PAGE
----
Pilgrims and Nipples

My friend and I are having an argument about public indecency. If a member of the Pilgrim community like, say, Miles Standish decided to lift up his shirt and look at his nipple in public, would he have gotten in trouble or just gotten a few nasty glares?

I don’t have anything to add, but I have to say that this is one of the weirdest questions I’ve ever heard.

For a male – it’d probably be no big deal. Remember, the Puritans were not puritanical. They knew about sex, talked about it (Cotton Mather had a sermon condeming a man who refused to have sex with his wife), considered children born after six months of marrige legitimate, worked on farms where you’d see animals mating, and lived in one-room cabins where they could hear their parents. Remember, these were the people who invented bundling.

It was the Victorians who were hung up on sex (the American Victorians more than the British Victorians), and they blamed it all on the Puritans.

And, the Puritans were a very male dominated culture. Women were expected to be submissive, and modest. Like if a guy showed his nipples there would be any concern that females would run to him offering their bodies?

My friends and I usually talk about politics or the baseball playoffs or some sort of home-improvement project.

Is your friend Meatloaf?

From my reading, I gather than public breastfeeding was no big deal in Puritan New England. Also, anyone (male or female) who was to be publicly whipped, which was a common form of punishment, was stripped to the waist first.

I wouldn’t say the Puritans weren’t puritanical. It’s just that the things they were puritanical about weren’t quite what you might expect. They drank copious amouts of alcohol starting at an early age, and smoked tobacco. Sex within marriage was not considered bad at all. Indeed men who refused to sleep with their wives were sometimes punished. Fornication could get you sent to the whipping post, but in practice it was rarely used unless pregnancy resulted. The threat of whipping seems to have been used mainly to encourage unmarried parents to get married. It was mostly women who refused to marry (or name) the father, or men who refused to marry the mother, who were whipped.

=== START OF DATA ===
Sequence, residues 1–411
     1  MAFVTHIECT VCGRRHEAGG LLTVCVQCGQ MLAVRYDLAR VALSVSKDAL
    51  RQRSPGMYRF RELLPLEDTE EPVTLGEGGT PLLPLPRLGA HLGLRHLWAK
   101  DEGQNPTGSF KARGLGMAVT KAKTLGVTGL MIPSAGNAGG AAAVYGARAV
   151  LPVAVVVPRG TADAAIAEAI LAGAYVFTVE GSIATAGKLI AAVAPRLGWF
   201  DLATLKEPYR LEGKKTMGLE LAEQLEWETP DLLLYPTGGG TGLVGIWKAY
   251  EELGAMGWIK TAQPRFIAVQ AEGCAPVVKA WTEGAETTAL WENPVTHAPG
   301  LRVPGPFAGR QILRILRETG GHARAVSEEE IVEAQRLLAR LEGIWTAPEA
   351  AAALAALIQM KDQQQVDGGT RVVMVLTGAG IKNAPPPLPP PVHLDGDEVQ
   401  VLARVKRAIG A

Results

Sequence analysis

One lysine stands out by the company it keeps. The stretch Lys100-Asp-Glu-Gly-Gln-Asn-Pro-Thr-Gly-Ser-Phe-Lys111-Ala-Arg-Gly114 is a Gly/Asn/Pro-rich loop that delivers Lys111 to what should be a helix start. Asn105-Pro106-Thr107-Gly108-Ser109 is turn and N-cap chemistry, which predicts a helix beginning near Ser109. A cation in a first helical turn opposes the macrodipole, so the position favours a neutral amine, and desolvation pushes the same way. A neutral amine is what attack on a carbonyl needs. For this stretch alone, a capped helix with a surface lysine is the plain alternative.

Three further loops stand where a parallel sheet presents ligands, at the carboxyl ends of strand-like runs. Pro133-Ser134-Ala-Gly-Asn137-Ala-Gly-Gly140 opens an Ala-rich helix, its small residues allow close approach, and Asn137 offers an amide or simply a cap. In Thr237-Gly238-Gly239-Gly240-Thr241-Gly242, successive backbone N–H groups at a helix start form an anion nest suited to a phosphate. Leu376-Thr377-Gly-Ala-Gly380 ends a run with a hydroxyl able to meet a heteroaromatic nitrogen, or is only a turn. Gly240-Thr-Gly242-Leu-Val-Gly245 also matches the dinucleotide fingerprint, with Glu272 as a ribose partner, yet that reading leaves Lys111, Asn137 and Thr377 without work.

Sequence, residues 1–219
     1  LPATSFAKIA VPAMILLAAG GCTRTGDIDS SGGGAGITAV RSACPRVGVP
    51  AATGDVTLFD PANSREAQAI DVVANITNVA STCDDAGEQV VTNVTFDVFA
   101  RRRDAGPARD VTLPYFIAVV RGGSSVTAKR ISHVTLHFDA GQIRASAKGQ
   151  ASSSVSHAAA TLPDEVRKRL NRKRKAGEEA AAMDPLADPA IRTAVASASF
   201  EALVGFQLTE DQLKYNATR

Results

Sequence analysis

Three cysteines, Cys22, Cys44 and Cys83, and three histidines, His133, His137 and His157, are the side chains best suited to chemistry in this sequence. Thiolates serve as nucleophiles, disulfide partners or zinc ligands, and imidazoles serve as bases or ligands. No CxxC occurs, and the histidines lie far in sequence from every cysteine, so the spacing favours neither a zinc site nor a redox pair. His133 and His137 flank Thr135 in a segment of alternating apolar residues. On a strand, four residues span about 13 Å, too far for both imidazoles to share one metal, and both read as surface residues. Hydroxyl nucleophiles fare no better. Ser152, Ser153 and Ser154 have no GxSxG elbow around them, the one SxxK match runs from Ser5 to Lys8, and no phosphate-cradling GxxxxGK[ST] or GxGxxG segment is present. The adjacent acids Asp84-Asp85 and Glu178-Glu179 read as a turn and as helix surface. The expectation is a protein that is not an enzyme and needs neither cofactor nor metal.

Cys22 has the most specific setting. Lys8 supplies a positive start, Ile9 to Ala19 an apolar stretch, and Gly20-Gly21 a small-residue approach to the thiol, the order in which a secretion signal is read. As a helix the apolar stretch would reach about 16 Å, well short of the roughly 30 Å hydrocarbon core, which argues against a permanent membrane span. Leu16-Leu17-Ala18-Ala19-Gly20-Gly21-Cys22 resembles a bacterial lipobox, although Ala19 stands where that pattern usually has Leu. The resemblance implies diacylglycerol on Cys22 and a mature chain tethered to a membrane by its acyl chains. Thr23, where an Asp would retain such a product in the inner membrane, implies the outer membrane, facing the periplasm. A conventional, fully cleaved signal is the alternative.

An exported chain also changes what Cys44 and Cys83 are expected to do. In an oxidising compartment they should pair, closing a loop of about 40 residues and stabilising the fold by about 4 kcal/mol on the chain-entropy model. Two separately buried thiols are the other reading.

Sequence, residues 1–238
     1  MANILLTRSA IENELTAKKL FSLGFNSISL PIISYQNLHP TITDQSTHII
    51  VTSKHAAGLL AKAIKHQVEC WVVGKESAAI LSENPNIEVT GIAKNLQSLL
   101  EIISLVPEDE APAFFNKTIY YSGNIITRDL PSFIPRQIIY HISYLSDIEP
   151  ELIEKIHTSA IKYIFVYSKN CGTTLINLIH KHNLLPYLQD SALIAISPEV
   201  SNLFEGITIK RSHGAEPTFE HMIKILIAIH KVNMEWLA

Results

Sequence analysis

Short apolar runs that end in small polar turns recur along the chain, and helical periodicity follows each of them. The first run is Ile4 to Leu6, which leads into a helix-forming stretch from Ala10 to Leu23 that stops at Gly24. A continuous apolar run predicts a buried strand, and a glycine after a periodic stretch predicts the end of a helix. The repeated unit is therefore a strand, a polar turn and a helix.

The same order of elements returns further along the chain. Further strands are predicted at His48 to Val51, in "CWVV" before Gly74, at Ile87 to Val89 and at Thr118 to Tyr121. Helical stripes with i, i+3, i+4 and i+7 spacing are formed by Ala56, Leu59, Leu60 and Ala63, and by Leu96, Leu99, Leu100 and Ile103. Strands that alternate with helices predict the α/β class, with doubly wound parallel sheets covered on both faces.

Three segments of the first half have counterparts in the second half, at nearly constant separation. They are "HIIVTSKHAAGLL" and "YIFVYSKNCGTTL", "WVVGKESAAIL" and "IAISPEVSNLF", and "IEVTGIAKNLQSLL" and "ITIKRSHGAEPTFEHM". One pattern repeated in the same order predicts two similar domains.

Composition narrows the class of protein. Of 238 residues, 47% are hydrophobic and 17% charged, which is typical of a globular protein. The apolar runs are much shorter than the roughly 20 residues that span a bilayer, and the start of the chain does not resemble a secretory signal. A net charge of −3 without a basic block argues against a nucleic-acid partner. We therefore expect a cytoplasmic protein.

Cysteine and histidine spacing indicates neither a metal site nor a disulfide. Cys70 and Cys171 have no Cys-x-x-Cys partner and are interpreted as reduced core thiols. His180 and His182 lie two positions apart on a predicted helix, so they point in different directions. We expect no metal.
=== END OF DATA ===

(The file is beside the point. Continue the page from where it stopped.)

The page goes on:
Things most of us today wouldn’t consider crimes were harshly punished then. Things like blasphemy or heresy could get you publicly whipped, or even hanged. (Belonging to the wrong religion counted as heresy, and four or five Quakers were hanged for their beliefs about 1660 after they refused to be deported). Adultery was usually punished by whipping, but sometimes carried the death penalty. Sodomy was often punished by death, but that was true in the non-Puritan colonies as well. Rape, on the other hand, was only rarely punishable by death in Puritan New England.

Wasn’t rape, theoretically, a capital crime? I just don’t think it was prosecuted much, because of the difficulties of proving that rape occurred.

Good question.

I don’t know about pilgrim times, but until relatively recently, didn’t men’s bathing suits include a top?

It was, after all, King James who was the big enemy of tobacco. He felt so strongly about it, he wrote and published a pamphlet titled Counterblaste to Tobacco by his own royal selfe. So the Pilgrims being dissenters from King James and his Anglican Church would have no problem going against him, maybe even just out of spite.

hehe. Sorry, just had to.

I should have said rape was rarely punished by death, not “rarely punishable.” I’m not sure what the state of the law was. There were only four executions for rape in the Puritan era (up to about 1740) in what is now Massachusetts, and none in the other New England states that were largely controlled by Puritans in that era (Connecticut from early settlement, New Hampshire after 1641 and Maine after 1652). In non-Puritan areas, executions for rape before 1740 totaled nine. Using population estimates from 1690 as a very rough guide, it seems like the Puritan colonies had rape execution rates some 30% lower than the non-Puritan colonies. That’s only a very rough estimate which could be off for any number of reasons (different population growth rates, for example).

The Pilgrims and Puritans were different though. Most people here are talking about the puritanical mores of the colonial era, but I think it’s almost irrelevant given that Miles wasn’t a Puritan, they didn’t show up until the 1630’s.

Some people make a religious distinction between the Pilgrims who settled Plymouth Colony and the Puritans who settled Massachusetts Bay Colony. But really the Pilgrims were what you could call a splinter group of Puritans. The biggest difference was that Puritans continued to cling to the hope of reforming the established Anglican Church along Calvinist lines long after the Pilgrims had given up hope. The religious practices in the two colonies may not have been identical, but the similarities were much greater than the differences.

And even they-the Victorians-weren’t quite as hung up about sex as we think they were!

No? So where do all these American prude sexual hangups come from, then? Not from the Puritans, and not from the Victorians, the usual suspects. So why do they exist here?

Yes, but bathing suits for men didn’t exist at all until the eighteenth century. If a man in the seventeenth century had wanted to bathe/swim out of doors (and some did), he would have done so naked.

As for male toplessness, it all depended on the context. OK when doing manual labour, particularly in hot weather, and therefore more associated with the poor; not so OK at a social gathering, but more odd than obscene. In other words, not so very different from today’s conventions.